(a) traits like multi-drug resistance and pathogenicity are passed all the time; (b) whether it happens by F plasmid conjugation or not, it does occur; © if traits like antibiotic production can be passed (and they can), I don't see where THC synthesis is any more complicated (has anyone already figured out the size of the operon that would be required?); and (d) if there is no advantage to the recipient bug, how are you maintaining it in your culture?

 

Furthermore any constitutive genes will be located on the chromosomes and not in plasmids so won't easily be able to be transferred by conjugation due to a recombination event with an F-plasmid being required with the whole operon.

 

Looking back a few posts, I see that your proposal was to use transposons (which of course pop out of the chromosomes as easily as they pop in) or phage vectors... And of course, F-plasmid conjugation is not the only means for sharing DNA: see, e.g., transformation.

 

Any bacteria which can't survive in the environment due to lack of cell wall components won't be able to enter the gastrointetinal tract, replicate the F-plasmid, after transcribing and translating many flagellin protiens as well as other proteins and assembing them in an unstable cell wall.

 

They don't need to survive: all they need to do is release their DNA where other bacteria can pick it up. This may be in your petri dish, on your glove, on your cheek, or in your gut.

 

That is without even mentioning the many defence systems the body has, how well do you think a bacteria with an unstable cell wall and lack of precursors to repair it is going to fair in an environment with high levels of lyzosyme in the saliva?

 

And yet your gut is home to a huge population of bacteria, in a number of species. Again, your crippled strain does not have to survive to pass on its new genes.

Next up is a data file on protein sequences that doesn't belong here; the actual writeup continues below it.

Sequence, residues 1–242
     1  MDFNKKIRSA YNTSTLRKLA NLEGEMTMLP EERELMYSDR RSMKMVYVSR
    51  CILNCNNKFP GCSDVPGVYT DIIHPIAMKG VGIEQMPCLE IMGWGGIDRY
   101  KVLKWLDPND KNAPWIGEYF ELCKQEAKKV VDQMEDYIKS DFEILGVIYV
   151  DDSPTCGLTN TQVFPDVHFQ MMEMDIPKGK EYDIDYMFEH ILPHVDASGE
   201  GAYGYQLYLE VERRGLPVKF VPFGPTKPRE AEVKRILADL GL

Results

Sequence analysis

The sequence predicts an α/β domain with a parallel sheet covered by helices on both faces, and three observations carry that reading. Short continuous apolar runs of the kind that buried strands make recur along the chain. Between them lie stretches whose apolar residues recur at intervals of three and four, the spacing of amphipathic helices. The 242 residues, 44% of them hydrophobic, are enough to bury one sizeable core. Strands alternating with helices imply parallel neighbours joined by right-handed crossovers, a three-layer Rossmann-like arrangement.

I mean how much do you plan on eatting, E. coli doesn't smell great and I guess the taste isn't much better. :D

 

I don't recall ever eating any, yet there they are, in my gut (and I assume, in yours). Further, the population appears to be a steady state, depending on continual immigrants.

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Some random thoughts:

 

- lab strains are usually weakling and do not compete well (or at all) with the indigenous flora. Thus they will never be numerically significant. As such transfers are somewhat unlikely as they generally do not persist enough to let significant amount of transfer (they are technically rare events, forced to happen in the lab in higher frequency by using vast amount of cells) However:

 

- why the heck shouldn't operons be transferred? Even non-mobilizable plasmids (i.e. lacking a mob region) can be taken up (the fertility factors do not determine the transfer of a given plasmid per se, btw.). Those with a mob factor (or broad host range plasmids) have an easier time to spread quickly, though. Granted on the skin the chances are low, but if the plasmids end up in the sewer (and later on the wastewater treatment plants) the chances are skyrocketing. However:

 

-given the fact that the genes in question will not provide any advantages (and in fact, will reduce fitness), it is very likely they will get inactivated, deleted, or the plasmid may get lost as whole (unless selective pressure exist to maintain it).

 

Finally, proper aseptic techniques are also designed to contaminate oneself with bacteria, including BSL1 ones.